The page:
Corgi royal dog breed Corgi royal dog breed

Royal Dog Breeds

Read time: 4 mins

08 Jun 2021

Many of us like to treat our pooches like royalty: endless treats, letting them nap after long days of butt sniffing, serving them the finest dinners. No matter how much of a prince or princess your dog may be, some breeds naturally have more royal blood in them than others.

Certain breeds have earned their place not just in the hearts of dog lovers but also in the palaces of royalty worldwide. After all, whether a monarch or a dog owner, the sentiment remains the same - every dog deserves the royal treatment.

Some of these VIPs (very important pooches) include:


No discussion of royal dogs would be complete without the charming Corgi, a breed synonymous with the British Royal Family, particularly Queen Elizabeth II. These small, sturdy dogs with distinctive markings have been constant companions to the Queen for decades, trotting alongside her in countless public appearances.

The Queen's love for Corgis began with her childhood, and she has owned more than 30 of them during her reign. Through Lizzie, Corgis have become a symbol of royalty: appearing in statues, official photographs and even in the Crown Coin to commemorate the Queen's Golden Jubilee. 

So next time you wonder why your Corgi is walking around with their tail held high, remember their cousins have been living it up in Buckingham Palace for years. 

Cavalier King Charles Spaniel

The Cavalier King Charles Spaniel, named after King Charles II of England, is a breed steeped in history. Known for its silky coat and friendly demeanour, this regal companion has been a favourite among European royalty for centuries. Its presence in paintings and portraits alongside monarchs is a testament to its status as a cherished companion.


Beagles have an association with royalty due to their excellent hunting skills, meaning they have been kept in large packs by many royal households. It is believed that King Edward II and Henry VII kept 'glove beagles' - named such to fit into their leather gloves for hunting trips. Odd fashion choice. Queen Elizabeth I even kept a miniature beagle on her shoulder (most likely to scout out Elizabethan squirrels).


Labrador Retrievers were big favourites of King George VI who bred them as both pets and working dogs at the royal estates of Balmoral and Sandringham. This favouritism from King George spread to Queen Elizabeth II who has owned 20 of the breed. As mentioned, Liz is a big fan of the Corgi, but she is also known to have a private lifelong love for Retrievers, keeping them as gun-dogs.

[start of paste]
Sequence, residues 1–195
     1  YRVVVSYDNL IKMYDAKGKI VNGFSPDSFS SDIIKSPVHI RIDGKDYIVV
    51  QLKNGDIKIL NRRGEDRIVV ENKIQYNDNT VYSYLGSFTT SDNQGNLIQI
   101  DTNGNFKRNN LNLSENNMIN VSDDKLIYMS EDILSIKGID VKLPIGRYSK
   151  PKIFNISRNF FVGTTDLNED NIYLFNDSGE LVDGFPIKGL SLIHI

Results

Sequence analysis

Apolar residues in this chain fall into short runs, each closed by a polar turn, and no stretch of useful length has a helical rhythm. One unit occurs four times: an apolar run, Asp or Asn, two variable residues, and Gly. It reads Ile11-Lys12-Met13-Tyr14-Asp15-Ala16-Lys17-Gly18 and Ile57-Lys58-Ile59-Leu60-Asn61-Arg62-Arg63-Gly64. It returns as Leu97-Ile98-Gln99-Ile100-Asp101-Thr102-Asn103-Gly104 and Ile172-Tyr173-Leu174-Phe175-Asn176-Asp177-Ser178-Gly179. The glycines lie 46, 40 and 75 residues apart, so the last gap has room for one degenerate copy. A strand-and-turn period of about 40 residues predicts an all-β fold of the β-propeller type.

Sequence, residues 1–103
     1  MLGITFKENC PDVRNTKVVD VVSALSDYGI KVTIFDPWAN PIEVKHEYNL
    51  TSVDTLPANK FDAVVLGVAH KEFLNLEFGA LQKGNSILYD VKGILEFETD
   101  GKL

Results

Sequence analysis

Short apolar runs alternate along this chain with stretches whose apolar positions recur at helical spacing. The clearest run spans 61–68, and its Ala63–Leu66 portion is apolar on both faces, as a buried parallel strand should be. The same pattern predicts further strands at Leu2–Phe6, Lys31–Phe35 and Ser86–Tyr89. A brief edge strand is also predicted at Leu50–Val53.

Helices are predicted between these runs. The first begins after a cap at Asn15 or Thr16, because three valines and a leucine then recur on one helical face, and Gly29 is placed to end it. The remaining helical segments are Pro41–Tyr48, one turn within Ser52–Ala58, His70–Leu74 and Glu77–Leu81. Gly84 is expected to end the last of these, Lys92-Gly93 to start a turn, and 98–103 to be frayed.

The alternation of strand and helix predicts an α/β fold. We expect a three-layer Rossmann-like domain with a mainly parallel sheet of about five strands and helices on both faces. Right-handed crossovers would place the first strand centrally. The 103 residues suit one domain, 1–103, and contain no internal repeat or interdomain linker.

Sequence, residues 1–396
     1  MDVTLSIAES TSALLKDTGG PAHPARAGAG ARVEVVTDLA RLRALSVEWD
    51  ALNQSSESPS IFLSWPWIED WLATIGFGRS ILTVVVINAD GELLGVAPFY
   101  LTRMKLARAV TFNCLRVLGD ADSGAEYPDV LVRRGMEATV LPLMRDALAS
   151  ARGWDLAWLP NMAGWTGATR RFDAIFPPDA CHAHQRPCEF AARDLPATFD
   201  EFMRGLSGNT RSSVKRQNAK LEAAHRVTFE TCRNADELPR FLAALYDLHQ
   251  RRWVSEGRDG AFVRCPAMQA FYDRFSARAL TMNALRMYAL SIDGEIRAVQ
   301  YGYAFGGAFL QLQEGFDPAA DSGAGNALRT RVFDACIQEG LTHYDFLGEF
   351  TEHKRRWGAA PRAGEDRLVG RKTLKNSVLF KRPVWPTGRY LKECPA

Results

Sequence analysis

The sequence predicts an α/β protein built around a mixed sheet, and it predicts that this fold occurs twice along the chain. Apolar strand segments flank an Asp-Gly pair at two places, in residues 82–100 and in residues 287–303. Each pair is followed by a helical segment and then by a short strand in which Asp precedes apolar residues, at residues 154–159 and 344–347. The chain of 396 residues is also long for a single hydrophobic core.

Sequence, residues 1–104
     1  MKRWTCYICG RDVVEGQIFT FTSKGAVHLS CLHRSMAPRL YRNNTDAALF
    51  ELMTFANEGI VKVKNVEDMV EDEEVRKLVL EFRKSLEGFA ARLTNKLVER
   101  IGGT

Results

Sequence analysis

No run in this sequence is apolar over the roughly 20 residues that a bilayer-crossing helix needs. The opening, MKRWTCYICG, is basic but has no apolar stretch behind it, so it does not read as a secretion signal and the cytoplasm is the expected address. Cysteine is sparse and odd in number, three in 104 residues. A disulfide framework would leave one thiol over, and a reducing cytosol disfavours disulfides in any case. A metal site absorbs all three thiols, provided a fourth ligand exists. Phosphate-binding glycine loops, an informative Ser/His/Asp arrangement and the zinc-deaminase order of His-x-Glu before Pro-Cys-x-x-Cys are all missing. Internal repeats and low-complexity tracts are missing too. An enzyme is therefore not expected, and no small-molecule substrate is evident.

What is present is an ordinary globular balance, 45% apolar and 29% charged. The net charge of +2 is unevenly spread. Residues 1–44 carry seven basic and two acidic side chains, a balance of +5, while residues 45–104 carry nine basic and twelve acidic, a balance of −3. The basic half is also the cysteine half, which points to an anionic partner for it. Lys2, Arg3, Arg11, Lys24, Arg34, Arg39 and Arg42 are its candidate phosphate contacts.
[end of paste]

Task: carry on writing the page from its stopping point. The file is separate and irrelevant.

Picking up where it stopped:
Poodles, with their sophisticated haircuts and keen intelligence, have long been associated with European nobility. Queen Victoria of England had a particular affection for Poodles, helping to popularise them in European courts. Originally bred as water retrievers, Poodles' versatility and charm made them a favourite among the aristocracy, showcasing both regal poise and playful spirit.

Bichon Frise

Known as the 'royal lap warmer', these fluff-balls can be seen in hundreds of 13th-century portraits of European royalty. Not only do they photograph well, but they're apparently pawfect at keeping your neck cosy - King Henry III loved them so much he would wear several Bichon Frises around his neck in a little basket.


In the vast expanses of Russia, the Borzoi, with its grace and elegance, found favour among the country's aristocracy, including the Romanovs. These majestic hounds, with their long, slender bodies and silky coats, were often depicted in paintings and sculptures alongside Russian nobility. Used for hunting, Borzois embodied both beauty and athleticism, earning their place as esteemed companions among the elite.


Turning our attention to the Far East, we encounter the Pekingese, a breed that holds a special place in Chinese imperial history. These small dogs with a distinctive lion-like mane were considered sacred and were often kept by Chinese emperors. Their regal appearance and dignified bearing made them symbols of nobility and prestige in the imperial courts.

Afghan Hound

In the rugged terrain of Afghanistan, the Afghan Hound stands out with its flowing coat and regal appearance. Highly prized for their hunting skills, these dogs were considered a symbol of prestige among Afghan dignitaries and royalty for centuries. The Afghan Hound's aloof yet noble demeanour makes it a true aristocrat among canine companions, embodying the majestic spirit of the region.


With their sleek build and incredible speed, Greyhounds have been favoured by various royalties across the world. Ancient Egyptian pharaohs admired these dogs for their grace and utilised them for hunting. In mediaeval Europe, Greyhounds were symbols of nobility and often depicted in coats of arms. Their athleticism and poise continue to capture hearts globally, transcending borders and cultures.